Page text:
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House Dem Offers Fuel Efficiency Alternatives

Congressman Edward Markey modifies his fuel efficiency proposal to give the auto industry more time.

WASHINGTON (AP) - A key House Democrat offered a series of changes Thursday to his plan to boost fuel efficiency standards for new vehicles before next week's expected vote on an energy bill.

Rep. Edward Markey, D-Mass., began circulating a series of modifications to his proposal that would give the auto industry more time to boost fuel economy standards. The changes are aimed at making his measure closer to a version approved last month by the Senate and garnering enough support to be included in the House energy bill.

The auto industry has opposed Markey's plan, which would require vehicles to meet 35 miles per gallon by 2018. The Senate has already approved an energy bill that would require the industry to reach 35 mpg by 2020.

Under the changes, Markey's approach would require the fleet of new vehicles to reach 35 mpg one year later, by 2019. Auto manufacturers also would need to comply with an attribute-based standard, based on the vehicle's size, similar to provisions included in the Senate bill.

''We think we can retain the support we have and build on it,'' said Markey spokeswoman Jessica Schafer. She said the changes were devised to ''strengthen our support and move us closer to the Senate position as we prepare for both House and conference action.''

Other changes listed in a 1-page synopsis obtained by The Associated Press include an exemption for large work trucks, requiring the Department of Transportation to set specific annual fuel economy benchmarks from 2013 through 2019 and the elimination of required 4 percent annual increases after 2019.

Automakers such as General Motors Corp., Ford Motor Co. and Toyota Motor Corp. have supported a plan by Reps. Baron Hill, D-Ind., and Lee Terry, R-Neb., that would require cars and trucks to meet efficiency rules of 32 to 35 miles per gallon by 2022.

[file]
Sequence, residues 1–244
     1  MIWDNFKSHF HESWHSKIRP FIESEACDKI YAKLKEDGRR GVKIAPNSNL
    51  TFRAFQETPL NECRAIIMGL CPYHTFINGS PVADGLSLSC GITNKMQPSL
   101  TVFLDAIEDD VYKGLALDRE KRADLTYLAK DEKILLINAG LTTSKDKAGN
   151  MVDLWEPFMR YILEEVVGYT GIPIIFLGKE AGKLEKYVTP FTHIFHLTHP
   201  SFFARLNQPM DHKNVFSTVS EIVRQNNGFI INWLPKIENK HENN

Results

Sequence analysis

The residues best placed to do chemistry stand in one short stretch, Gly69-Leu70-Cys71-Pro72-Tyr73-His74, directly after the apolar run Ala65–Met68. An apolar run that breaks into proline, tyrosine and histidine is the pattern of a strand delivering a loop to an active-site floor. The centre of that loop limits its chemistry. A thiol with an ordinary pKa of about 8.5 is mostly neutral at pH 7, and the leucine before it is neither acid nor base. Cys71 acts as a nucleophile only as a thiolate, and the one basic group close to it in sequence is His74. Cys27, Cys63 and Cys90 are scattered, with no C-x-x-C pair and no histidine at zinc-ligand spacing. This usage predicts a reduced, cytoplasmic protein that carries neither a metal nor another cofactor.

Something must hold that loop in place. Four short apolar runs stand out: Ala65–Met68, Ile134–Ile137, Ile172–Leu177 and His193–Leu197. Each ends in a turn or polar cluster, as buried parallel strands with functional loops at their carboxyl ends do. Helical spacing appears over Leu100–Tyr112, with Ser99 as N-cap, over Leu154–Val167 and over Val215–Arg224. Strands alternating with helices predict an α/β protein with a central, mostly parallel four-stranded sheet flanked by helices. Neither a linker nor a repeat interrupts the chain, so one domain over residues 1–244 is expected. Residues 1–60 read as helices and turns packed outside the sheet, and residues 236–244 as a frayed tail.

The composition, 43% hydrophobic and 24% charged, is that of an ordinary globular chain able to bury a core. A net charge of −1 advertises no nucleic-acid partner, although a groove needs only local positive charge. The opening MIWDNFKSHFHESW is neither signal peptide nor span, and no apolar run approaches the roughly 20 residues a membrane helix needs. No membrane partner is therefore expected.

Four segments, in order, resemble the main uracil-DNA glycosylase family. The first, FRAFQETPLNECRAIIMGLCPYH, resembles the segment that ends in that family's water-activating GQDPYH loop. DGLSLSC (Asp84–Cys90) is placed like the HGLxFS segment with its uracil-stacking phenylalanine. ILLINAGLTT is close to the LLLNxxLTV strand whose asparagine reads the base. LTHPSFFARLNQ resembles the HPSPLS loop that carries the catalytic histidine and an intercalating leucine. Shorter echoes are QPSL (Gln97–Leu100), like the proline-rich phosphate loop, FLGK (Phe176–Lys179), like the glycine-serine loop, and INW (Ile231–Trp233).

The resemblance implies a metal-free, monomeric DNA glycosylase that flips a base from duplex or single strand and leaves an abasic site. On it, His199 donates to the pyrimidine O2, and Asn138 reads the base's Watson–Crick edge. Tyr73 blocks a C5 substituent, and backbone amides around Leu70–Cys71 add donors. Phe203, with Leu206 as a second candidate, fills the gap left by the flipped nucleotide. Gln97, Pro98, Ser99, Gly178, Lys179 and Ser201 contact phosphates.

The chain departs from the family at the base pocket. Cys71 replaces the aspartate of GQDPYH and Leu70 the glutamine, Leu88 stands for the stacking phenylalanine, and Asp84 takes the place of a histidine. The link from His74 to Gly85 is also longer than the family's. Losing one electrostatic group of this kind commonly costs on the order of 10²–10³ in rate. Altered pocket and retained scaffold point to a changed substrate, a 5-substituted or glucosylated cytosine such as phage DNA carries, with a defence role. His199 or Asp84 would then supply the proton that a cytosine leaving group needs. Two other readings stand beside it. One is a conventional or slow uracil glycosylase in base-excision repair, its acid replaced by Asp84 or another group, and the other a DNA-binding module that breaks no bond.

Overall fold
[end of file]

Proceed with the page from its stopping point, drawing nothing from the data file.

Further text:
Wade Newton, a spokesman for the Alliance of Automobile Manufacturers, said his trade group had not reviewed the proposed changes to Markey's bill but called the Hill-Terry proposal ''a good balancing of an aggressive set of standards that are also achievable.''

The auto industry, manufacturers and environmental groups have waged an intense lobbying effort on the issue, which could lead to Congress voting to increase fuel economy standards for the first time in three decades.

On Thursday, The Level Field Institute, a group with ties to the auto industry, launched new advertising supporting the Hill-Terry bill. Jim Doyle, the group's president, cautioned that the Senate measure would likely lead to domestic small car production being moved overseas and undermine the development of flexible-fuel vehicles capable of running on ethanol blends.

The House is expected to vote on an energy bill that does not currently include CAFE standards, but new requirements could be added to the measure. Pelosi spokesman Nadeam Elshami said the speaker had ''not ruled anything out'' on the energy bill.

Environmentalists said the changes could help Markey secure enough support for his fuel economy plan. ''This gets us a winning vote with an ample margin of safety,'' said Dan Becker, director of the Sierra Club's Global Warming program.

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